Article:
At I/O 2018, Google revamped Lens with real-time recognition, smart text selection, and native camera app integration. A year later, another redesign for Google Lens that adds specific recognition “filters” is in development.
About APK Insight: In this ‘APK Insight’ post, we’ve decompiled the latest version of an application that Google uploaded to the Play Store. When we decompile these files (called APKs, in the case of Android apps), we’re able to see various lines of code within that hint at possible future features. Keep in mind that Google may or may not ever ship these features, and our interpretation of what they are may be imperfect. We’ll try to enable those that are closer to being finished, however, to show you how they’ll look in the case that they do ship. With that in mind, read on.
For the past several beta releases, the Google app has been adding new features for Lens. Version 9.61 from earlier this month detailed various filters for Lens, including Translate, Dining, and Shopping.
With Google app 9.72 this evening, we have enabled the new Google Lens interface. Still in development (and currently lacking any branding), this revamp places five filters at the bottom of the screen. Each filter presumably puts Lens in a precise mode or accesses a specific visual tool.
In the middle is a magnifying glass icon that’s likely for general search. To the left is the aforementioned “Translate” filter that will likely focus Lens on translating foreign text into your designated language. From past strings, these translation feature are more advanced than the current implementation that just recognizes text and offers to open the Google Translate app.
The new Lens could “Auto-detect” a language, with users having the option to “Change languages” from the “Source” text to the “Target.”
<string name=”lens_translate_filter_params_auto_language_long”>Auto-detect language</string>
<string name=”lens_translate_filter_params_label”>%1$s → %2$s</string>
<string name=”lens_translate_filter_params_title”>Translate options</string>
The next tool could be optimized for copying text. Google Lens has long featured smart text selection for quick optical character recognition (OCR), like taking action on addresses, numbers, and copying large swathes of text.
To the right of the main visual search mode — which would still be leveraged for identifying monuments, plants, animals, etc. — are “Shopping” and “Dining” icons. The former presumably works to identify clothing and furniture, with results specifically tuned to product search. AR Shopping is another feature in development.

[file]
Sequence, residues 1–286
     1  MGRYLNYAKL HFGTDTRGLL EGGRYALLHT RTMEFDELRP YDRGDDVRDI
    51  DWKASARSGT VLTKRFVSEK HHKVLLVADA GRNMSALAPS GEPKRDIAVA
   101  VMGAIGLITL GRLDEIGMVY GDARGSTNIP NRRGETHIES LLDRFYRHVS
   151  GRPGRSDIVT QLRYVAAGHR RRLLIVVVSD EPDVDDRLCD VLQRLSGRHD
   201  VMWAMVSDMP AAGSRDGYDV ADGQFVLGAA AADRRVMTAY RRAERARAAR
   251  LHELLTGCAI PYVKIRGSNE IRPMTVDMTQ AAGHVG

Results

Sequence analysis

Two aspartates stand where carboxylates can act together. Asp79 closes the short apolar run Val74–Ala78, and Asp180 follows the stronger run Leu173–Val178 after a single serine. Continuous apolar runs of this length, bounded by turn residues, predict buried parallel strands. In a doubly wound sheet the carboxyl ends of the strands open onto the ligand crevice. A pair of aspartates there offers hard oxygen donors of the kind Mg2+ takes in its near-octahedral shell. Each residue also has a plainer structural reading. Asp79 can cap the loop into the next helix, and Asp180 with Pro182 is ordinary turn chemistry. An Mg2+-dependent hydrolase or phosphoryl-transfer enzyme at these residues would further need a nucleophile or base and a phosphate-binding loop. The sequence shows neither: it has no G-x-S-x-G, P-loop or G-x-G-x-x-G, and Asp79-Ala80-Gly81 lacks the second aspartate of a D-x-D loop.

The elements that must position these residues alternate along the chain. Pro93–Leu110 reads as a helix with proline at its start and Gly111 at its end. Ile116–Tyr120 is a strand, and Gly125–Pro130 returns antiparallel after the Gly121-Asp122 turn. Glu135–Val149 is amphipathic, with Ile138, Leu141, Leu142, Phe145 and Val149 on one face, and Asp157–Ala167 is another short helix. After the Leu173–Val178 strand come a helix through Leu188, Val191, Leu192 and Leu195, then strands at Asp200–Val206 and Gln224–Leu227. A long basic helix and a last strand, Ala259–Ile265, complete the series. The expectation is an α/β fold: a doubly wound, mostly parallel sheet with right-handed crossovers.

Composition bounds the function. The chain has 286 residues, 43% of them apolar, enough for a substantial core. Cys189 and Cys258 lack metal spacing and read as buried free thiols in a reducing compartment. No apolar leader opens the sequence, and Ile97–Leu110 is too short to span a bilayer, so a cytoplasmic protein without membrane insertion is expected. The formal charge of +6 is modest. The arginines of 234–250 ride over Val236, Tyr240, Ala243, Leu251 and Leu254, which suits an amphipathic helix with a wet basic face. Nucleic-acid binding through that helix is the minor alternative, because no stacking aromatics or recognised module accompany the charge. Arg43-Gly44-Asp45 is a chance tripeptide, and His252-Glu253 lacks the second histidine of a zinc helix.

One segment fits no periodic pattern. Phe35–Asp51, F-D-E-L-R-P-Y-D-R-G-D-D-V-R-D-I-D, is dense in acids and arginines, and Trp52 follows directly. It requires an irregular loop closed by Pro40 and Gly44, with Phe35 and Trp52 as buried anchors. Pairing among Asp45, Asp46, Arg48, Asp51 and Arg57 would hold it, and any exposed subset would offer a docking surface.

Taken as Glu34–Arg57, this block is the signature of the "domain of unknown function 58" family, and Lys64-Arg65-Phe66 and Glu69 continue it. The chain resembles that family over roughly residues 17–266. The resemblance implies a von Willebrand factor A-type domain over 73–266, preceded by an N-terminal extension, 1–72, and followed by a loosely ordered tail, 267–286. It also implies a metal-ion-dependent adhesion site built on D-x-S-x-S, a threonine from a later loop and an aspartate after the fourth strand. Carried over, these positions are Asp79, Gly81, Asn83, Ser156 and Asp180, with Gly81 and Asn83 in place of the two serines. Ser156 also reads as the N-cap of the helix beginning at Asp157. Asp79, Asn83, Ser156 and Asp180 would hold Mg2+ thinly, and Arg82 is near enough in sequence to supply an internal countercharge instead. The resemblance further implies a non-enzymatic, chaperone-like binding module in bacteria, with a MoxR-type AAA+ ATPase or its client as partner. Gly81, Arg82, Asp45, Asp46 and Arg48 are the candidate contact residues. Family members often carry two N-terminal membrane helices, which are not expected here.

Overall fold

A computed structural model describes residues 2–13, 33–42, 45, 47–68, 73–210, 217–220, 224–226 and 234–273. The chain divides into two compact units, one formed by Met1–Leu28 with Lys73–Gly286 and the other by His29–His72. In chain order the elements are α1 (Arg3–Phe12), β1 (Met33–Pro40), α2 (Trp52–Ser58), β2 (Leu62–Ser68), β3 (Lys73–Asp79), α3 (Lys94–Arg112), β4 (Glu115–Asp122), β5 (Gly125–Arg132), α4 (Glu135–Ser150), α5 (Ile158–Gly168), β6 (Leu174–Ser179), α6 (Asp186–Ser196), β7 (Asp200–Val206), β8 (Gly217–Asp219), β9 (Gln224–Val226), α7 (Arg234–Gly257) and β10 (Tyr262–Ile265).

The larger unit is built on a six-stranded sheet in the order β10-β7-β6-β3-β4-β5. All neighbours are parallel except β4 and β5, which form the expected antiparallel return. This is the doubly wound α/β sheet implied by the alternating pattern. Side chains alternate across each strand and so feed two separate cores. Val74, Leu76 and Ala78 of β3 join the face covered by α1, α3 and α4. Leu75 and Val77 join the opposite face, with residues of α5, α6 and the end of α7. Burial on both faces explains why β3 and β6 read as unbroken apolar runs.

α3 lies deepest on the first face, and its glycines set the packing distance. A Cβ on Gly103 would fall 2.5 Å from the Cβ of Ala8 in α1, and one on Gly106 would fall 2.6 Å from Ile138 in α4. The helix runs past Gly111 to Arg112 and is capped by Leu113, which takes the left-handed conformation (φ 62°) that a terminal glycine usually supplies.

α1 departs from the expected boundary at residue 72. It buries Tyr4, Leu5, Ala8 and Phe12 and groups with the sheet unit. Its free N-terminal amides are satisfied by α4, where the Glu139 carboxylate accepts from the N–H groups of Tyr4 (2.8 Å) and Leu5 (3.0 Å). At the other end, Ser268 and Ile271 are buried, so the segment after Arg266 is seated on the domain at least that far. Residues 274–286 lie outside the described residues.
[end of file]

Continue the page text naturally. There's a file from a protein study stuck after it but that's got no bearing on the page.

The Dining filter is more mysterious — as an equivalent feature does not currently exist in Lens, but strings suggest something more akin to Google Maps AR. Users might be able to point their camera at the real world and only see restaurants highlighted in the viewfinder. One string in Google app 9.66 requested permission for location to “Search restaurant nearby” in possible conjunction with this mode.
<string name=”search_nearby”>Search restaurant nearby</string>
<string name=”permission_not_granted”>To see popular dishes, turn on location</string>
The idea of adding filters (or specific modes) to Google Lens might be counterintuitive to the idea of just pointing a camera at the world and getting results. However, this added layer of complexity can provide more refined results. Users are now able to choose what help they receive rather than just have Google attempt to automatically figure it out and return an unrelated result.
Before Google Lens was announced, we spotted it in development as “Visual Search.” One of the final iterations before Lens officially launched was a similar interface to what we enabled today. However, that UI was likely for testing and helped refine the accuracy of Lens by requiring testers to manually specify the search category.
Oh! Looks nice :) pic.twitter.com/bOrL3ezMmA
— Dylan (@evowizz) July 8, 2017
It’s not clear when this Google Lens filters revamp will launch, but I/O is a good bet given that the visual search feature first debuted at the developer conference in 2017, and received a major revamp the year after. Be sure to check out our full APK Insight of Google app 9.72 where we also enabled a Sleep Timer for Google Podcasts and several other features.
Dylan contributed to this article
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